Another way is to combine ACV and molasses is the old fashioned drink called Switchel, commonly used before the age of brightly colored sports drinks and juices shipped from around the world. You can find the recipe how to make a Switchel here.


5. Movement

If you’re just stiff and sore, more of what got you that way may be the answer. Over time, your muscles will build and strengthen and you’ll be able to do more with less discomfort. I know if I sit too much, I get terribly stiff. Just getting up and moving around and doing some gentle stretching works wonders. Our muscles tend to want to stay doing whatever they’re doing unless we force them to change. If you’re tensed up, they’ll stay tensed up. Stand up, walk, run, stretch, garden – do whatever you can to be active, so you can stay active as you age.

6. Essential Oils

Some essential oils are helpful for relieving muscle pain.

  • For muscle cramps, try lemongrass with peppermint and marjoram.
  • For muscle spasms, recommended oils are basil, marjoram and Roman Chamomile.
  • For muscle tension, try marjoram, peppermint, helichrysum, lavender or Roman Chamomile.

To use an essential oil for muscle pain, add one to two drops of the essential oil into one tablespoon of a carrier oil such as fractionated coconut oil or olive oil, and apply to the affected area.

7. Massage

Massage helps to stimulate blood circulation, which speeds healing. When combined with healing oils, such as the essential oils blends listed above or pepper rub below, you get a double benefit.

8. Hot Pepper Rubs – This one is not for everyone

Capsaicin, which produces the burn in hot peppers, has been used to relieve pain from arthritis, joint and muscle pain and general muscles soreness.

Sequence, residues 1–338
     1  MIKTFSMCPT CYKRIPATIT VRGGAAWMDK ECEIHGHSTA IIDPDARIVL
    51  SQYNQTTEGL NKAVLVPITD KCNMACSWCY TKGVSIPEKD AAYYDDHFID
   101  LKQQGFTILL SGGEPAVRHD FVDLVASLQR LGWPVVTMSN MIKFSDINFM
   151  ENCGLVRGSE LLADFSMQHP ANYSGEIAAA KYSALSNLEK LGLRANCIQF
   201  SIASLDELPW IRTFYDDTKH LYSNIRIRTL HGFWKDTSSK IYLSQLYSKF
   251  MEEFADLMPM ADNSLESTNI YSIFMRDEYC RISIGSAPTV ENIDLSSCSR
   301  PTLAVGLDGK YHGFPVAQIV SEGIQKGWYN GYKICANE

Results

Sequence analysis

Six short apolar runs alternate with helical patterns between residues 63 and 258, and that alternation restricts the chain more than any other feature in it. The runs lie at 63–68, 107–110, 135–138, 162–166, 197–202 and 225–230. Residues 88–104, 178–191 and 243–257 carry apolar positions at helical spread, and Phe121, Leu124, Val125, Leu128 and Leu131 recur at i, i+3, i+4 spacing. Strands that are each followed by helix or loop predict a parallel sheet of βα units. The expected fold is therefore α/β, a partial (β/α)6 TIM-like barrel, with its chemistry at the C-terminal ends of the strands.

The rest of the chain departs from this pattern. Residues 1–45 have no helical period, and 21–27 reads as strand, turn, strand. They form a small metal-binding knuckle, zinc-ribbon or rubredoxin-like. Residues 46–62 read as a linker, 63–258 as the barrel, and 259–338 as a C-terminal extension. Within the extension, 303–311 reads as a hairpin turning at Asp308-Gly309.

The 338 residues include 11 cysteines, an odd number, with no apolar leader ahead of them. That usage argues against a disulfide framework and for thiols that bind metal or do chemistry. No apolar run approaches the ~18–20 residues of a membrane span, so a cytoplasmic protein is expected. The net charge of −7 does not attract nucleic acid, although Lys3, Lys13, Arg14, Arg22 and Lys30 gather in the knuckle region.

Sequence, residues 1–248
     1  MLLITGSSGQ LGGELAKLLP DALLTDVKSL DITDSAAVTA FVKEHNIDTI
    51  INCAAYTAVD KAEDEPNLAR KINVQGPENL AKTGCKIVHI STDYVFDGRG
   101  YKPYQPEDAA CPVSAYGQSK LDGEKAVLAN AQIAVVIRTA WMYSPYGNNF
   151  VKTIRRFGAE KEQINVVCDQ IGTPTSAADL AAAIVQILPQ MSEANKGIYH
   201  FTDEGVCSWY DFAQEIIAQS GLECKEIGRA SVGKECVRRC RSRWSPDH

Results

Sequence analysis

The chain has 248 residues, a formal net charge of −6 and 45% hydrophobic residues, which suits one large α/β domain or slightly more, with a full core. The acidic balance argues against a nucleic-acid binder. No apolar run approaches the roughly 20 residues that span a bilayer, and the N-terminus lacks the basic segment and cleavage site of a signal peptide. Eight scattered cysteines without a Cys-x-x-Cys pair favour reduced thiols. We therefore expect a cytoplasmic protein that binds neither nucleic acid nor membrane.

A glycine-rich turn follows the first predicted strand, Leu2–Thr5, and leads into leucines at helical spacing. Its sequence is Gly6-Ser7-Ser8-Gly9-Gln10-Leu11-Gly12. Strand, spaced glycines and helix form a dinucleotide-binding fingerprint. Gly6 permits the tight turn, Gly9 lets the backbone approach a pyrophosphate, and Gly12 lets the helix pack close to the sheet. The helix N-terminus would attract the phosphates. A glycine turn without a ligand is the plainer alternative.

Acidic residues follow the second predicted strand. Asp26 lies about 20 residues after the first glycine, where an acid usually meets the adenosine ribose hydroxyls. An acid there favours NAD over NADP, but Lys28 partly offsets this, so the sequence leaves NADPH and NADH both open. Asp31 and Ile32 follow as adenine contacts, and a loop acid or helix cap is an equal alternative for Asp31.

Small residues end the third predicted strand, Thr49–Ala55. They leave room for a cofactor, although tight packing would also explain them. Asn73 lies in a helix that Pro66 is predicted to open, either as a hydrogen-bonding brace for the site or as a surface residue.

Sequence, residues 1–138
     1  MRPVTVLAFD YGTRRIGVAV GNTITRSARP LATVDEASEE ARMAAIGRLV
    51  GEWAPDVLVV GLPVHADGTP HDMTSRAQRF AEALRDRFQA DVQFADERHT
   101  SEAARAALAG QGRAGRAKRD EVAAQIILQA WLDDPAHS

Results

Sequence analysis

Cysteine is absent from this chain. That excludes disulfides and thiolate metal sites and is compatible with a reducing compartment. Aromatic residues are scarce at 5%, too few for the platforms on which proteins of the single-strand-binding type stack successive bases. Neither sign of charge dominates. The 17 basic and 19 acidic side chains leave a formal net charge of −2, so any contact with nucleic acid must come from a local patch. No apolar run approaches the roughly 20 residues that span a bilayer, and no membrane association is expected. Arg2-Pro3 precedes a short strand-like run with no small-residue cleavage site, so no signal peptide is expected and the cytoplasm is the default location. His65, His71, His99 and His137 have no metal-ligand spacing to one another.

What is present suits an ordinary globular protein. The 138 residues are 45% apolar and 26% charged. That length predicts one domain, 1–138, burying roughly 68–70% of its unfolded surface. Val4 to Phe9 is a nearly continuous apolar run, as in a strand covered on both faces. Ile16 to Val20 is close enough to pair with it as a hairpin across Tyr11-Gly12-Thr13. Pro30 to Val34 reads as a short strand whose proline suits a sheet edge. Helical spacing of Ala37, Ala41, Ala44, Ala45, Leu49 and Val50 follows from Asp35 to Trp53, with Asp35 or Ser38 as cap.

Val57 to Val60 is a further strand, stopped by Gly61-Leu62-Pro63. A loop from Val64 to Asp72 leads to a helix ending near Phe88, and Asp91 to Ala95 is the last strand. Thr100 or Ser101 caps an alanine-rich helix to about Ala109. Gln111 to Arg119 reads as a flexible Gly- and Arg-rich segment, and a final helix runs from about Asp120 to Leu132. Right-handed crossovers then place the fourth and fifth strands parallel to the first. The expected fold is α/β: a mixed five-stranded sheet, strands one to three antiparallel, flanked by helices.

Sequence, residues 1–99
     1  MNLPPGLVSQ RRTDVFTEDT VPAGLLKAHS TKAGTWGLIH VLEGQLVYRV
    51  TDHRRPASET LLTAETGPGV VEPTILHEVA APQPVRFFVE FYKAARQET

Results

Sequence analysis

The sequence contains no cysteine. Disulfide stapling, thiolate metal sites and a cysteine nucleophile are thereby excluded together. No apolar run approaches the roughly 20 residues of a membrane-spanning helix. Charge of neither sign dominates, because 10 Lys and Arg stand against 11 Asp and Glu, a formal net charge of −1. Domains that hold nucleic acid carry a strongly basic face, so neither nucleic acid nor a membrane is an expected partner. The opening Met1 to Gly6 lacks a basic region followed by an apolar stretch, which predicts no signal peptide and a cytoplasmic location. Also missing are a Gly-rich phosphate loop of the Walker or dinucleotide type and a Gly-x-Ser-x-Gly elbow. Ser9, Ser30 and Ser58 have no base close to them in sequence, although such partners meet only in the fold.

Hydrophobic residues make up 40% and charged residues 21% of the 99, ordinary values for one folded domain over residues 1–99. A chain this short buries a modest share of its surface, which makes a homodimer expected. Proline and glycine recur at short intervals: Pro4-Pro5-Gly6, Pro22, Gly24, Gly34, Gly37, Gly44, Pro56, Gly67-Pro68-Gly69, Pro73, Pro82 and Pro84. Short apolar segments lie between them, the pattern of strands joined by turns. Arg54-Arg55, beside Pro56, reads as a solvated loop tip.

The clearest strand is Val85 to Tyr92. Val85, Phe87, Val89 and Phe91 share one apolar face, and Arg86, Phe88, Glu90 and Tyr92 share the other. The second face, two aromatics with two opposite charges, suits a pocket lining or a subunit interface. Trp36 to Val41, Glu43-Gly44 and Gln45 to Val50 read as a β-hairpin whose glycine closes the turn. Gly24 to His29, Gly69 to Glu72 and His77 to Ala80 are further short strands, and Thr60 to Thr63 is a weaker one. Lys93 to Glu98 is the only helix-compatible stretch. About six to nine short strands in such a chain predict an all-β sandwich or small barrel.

You can make your Pain Relieving Cream by mixing 1/4 to 1/2 teaspoon of cayenne pepper with one cup of olive or (warm) coconut oil. Some people combine it with aloe vera gel instead.

Apply the rub to the affected area, and wash your hands after application. Keep it away from your eyes, nose, and mouth – it will irritate. Test on a small area to make sure that it does not make you more uncomfortable instead of relieving your pain.

9. Rest

Sometimes the best thing you can do is not do anything at all. If you rest up for a couple of days, general muscle soreness should pass on its own. Of course, for many of us, when things get busy in the garden or on the farm, rest isn’t easy to come by, so do what works for you.

10. Cherry Juice

The Science Daily article “Cherry Juice Reduces Muscle Pain Induced By Exercise” cites a study published in the British Journal of Sports Medicine in which volunteers drank either a cherry juice blend or a glass containing no cherry juice. They state:

There was a significant difference in the degree of muscle strength loss between those drinking the cherry juice blend and those taking the dummy mixture.

The degree of soreness differed little between the two groups, but the average pain score was significantly less in those drinking cherry juice.

Average pain scores came in at 3.2 for those drinking the dummy mixture and 2.4 for those drinking cherry juice.

Pain also peaked at 24 hours for those drinking cherry juice but continued to increase for those on the dummy mixture for the subsequent 48 hours.

You can only find tart cherries available fresh in season or frozen, but tart cherry juice concentrate is available year round.